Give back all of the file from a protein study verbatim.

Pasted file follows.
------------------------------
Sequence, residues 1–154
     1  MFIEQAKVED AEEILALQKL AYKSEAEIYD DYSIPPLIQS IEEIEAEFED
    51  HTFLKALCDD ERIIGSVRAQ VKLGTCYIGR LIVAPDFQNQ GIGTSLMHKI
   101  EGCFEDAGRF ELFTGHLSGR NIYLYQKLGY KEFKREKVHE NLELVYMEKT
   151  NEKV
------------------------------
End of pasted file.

Sequence, residues 1–154
     1  MFIEQAKVED AEEILALQKL AYKSEAEIYD DYSIPPLIQS IEEIEAEFED
    51  HTFLKALCDD ERIIGSVRAQ VKLGTCYIGR LIVAPDFQNQ GIGTSLMHKI
   101  EGCFEDAGRF ELFTGHLSGR NIYLYQKLGY KEFKREKVHE NLELVYMEKT
   151  NEKV